Generosity in action – My revelations around fundraising

telethon

A real social media telethon!

Two weeks ago I set out to raise funds for Cuso International, the volunteer-sending organisation that is funding my upcoming work in Cambodia. Cuso sends North Americans around the world to contribute to reducing poverty through diverse projects in the realms of governance, livelihoods, education, disability, and health.

I committed to raising $2,000 for this cause which also supports me to engage in this specific project. When I began to think about fundraising, and the fact that I had never done it before, I felt rather daunted by how to begin. I’ve been doing different communication and “knowledge mobilisation” work over the last few years specifically for research, but never for fundraising. To be sincere, I started to think that asking for money was going to be a shameful process of hitting up friends and family. Why would people give to my cause when everyone has his or her own?

As I began to really think about what I was trying to achieve and putting together my own message, I became aware that what I actually wanted to do was reach out to people and let them know what I was about to embark upon. I hadn’t told anyone about my plans for Cambodia and thought I might just sort of enter into the journey to Asia without much fanfare. Though I’d love to say it was, making the move to pack up and leave for Cambodia with the lofty goal to improve people’s lives wasn’t actually a black and white decision. I took nearly a month to think deeply about the possibilities, the potential difficulties, and the implications on my life at this point. There were several possible paths that I had to consider. In the end, I knew my heart was telling me that this project was going to be the the life-changer, and once decided, I went into full gear to prepare. The more I reflected on this upcoming work, the more I understood how important it would be to share with as many people as I can, most importantly my well established network of friends, family, and acquaintances met in previous journeys throughout life. What is the point of doing something important to you if you can’t reach out and talk to people about it? It’s not about recognition or showcasing, it’s simply about engaging and sparking of basic awareness of significant issues and what’s important to you. Everyday impact starts there.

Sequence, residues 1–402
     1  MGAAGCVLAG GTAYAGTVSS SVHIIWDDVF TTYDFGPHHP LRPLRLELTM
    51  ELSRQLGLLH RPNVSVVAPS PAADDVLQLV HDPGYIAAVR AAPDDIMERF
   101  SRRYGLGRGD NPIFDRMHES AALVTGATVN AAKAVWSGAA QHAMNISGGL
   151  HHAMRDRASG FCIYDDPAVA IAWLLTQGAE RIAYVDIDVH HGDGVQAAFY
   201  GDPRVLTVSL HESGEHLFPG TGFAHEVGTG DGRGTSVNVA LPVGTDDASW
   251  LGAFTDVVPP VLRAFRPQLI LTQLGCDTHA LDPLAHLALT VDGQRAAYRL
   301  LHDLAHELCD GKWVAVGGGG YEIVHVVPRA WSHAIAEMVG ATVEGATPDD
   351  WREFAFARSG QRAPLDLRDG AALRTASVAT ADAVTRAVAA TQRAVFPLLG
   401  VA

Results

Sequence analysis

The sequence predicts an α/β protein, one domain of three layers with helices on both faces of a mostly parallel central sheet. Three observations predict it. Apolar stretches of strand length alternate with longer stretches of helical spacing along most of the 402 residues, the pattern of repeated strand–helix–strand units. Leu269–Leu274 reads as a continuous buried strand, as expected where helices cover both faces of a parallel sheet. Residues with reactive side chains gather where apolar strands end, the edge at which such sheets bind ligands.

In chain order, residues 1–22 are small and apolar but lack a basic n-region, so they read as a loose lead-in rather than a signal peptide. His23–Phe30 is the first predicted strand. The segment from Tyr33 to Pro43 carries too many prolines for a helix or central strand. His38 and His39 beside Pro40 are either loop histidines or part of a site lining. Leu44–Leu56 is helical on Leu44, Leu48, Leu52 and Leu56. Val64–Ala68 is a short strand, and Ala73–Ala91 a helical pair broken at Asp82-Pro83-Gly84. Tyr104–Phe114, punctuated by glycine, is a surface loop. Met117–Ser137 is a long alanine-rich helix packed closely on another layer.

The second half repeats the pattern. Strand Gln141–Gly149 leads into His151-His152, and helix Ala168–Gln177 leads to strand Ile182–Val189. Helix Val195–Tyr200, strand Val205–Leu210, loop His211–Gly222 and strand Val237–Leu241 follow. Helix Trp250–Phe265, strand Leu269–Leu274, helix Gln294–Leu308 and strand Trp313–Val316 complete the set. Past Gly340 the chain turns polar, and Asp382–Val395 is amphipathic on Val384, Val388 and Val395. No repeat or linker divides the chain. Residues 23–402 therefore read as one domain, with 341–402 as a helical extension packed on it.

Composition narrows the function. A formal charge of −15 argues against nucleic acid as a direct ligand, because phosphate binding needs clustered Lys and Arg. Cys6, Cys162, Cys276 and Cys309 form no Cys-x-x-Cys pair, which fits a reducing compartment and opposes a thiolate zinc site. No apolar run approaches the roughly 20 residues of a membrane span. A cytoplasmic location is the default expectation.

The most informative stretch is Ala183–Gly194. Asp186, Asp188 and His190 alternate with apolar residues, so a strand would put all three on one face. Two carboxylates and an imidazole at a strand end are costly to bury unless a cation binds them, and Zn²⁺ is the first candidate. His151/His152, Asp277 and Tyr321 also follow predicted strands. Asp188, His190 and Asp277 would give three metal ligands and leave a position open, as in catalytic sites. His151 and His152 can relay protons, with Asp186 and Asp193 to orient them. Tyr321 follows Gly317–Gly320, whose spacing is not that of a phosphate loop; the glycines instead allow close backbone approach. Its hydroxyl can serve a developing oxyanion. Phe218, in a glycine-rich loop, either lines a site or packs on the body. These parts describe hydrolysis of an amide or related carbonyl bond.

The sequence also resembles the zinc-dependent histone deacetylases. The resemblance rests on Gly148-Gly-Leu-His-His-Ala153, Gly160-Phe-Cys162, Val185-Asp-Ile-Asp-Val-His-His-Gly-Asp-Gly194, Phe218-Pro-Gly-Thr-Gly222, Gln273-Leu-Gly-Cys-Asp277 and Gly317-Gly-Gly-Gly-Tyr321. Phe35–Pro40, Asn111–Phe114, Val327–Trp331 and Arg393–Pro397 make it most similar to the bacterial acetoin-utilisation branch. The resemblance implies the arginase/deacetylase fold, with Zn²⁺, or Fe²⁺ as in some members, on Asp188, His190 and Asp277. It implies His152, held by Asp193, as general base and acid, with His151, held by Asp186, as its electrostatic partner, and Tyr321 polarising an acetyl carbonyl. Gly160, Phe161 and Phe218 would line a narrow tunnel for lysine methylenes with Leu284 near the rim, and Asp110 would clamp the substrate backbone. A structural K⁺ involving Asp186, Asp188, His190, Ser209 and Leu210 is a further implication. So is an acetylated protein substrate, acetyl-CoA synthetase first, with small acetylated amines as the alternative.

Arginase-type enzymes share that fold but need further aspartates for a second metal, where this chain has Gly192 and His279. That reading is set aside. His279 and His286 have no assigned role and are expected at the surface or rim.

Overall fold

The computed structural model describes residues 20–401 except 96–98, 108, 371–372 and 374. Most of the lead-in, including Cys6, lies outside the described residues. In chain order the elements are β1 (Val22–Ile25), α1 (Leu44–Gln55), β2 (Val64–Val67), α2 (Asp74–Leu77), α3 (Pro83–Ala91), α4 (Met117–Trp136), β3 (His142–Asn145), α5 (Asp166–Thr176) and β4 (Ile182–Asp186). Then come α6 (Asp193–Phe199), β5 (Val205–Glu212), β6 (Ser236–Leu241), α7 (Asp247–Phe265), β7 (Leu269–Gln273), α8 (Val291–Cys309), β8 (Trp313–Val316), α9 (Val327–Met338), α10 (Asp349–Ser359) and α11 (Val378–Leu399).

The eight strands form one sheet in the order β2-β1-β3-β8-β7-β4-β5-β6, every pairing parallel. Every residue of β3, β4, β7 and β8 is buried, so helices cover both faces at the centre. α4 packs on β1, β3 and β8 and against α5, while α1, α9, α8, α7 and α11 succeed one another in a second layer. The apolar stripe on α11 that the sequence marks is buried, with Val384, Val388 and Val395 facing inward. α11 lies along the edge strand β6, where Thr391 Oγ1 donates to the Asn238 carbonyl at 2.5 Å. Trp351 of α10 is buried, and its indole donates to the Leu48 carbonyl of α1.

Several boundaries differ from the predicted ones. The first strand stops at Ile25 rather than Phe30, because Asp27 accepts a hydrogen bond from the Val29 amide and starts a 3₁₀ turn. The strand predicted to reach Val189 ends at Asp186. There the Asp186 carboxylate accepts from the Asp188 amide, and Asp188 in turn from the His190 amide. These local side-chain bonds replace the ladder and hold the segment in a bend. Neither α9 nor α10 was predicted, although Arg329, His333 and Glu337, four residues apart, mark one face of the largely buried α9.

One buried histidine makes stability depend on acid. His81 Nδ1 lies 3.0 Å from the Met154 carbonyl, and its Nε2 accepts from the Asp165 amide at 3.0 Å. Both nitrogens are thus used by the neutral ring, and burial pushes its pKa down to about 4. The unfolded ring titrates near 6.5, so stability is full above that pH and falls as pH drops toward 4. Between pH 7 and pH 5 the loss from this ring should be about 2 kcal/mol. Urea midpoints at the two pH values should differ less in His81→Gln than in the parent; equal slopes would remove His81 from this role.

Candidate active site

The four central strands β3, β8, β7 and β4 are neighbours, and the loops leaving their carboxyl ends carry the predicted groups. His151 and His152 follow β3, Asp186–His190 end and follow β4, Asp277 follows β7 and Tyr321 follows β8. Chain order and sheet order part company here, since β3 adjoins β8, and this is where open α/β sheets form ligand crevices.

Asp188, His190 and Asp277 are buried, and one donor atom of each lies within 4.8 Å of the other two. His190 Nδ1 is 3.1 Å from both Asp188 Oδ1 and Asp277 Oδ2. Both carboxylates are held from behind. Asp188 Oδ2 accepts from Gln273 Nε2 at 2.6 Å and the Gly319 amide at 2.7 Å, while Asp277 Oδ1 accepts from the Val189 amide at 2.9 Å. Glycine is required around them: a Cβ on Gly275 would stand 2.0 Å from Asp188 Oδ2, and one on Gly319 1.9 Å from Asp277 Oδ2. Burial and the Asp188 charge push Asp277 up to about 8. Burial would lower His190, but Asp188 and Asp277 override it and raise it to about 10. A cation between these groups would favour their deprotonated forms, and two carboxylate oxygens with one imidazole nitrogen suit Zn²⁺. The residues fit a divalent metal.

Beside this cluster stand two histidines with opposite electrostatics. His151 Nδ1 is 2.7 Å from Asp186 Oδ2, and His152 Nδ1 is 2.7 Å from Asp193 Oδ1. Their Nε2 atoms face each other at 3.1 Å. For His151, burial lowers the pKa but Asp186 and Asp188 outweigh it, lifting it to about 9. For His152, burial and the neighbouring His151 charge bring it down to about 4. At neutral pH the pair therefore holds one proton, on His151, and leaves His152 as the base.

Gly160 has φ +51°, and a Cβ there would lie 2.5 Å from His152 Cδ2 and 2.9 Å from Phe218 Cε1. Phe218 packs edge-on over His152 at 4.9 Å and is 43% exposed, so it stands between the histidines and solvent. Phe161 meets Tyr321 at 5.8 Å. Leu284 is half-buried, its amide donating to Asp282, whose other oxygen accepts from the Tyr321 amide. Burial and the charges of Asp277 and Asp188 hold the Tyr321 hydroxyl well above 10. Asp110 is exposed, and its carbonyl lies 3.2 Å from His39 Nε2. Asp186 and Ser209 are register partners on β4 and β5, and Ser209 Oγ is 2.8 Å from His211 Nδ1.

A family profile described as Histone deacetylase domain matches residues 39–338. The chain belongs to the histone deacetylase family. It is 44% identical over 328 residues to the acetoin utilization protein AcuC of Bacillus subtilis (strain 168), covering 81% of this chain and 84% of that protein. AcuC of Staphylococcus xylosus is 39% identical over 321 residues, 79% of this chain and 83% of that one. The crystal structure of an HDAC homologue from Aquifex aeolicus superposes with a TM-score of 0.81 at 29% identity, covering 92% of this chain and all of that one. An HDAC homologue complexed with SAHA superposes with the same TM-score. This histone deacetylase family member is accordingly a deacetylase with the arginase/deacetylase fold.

Using social media has been an important aspect of my work over the last couple years. After building up a Twitter network in my last position, I realised I had really neglected my own. I had a close Facebook network, but I rarely engaged. When I decided to announce my upcoming departure on FB, the response stunned me. Well over 60 likes and an influx of comments, questions, and encouragement from such a range of people. Some had stories about Cambodia, others let their imaginations roam wild. When it came time to fulfill the commitment I had made to raise some modest funds for Cuso, I decided to use FB to reach out to people near and far, all with some personal connection to me at some point in my life. Isn’t it funny how most of us feel like we are being shameless to seek out funds for charity but we are usually more than happy to give that support to others? I was shocked to see the result of this outreach endeavour. Donations rolled in from around the world. Inspirational messages came from inspirational people in my life. And to me – the most moving – was the chance I had to reconnect with some people that I hadn’t had contact with for considerable years. It was positively overwhelming.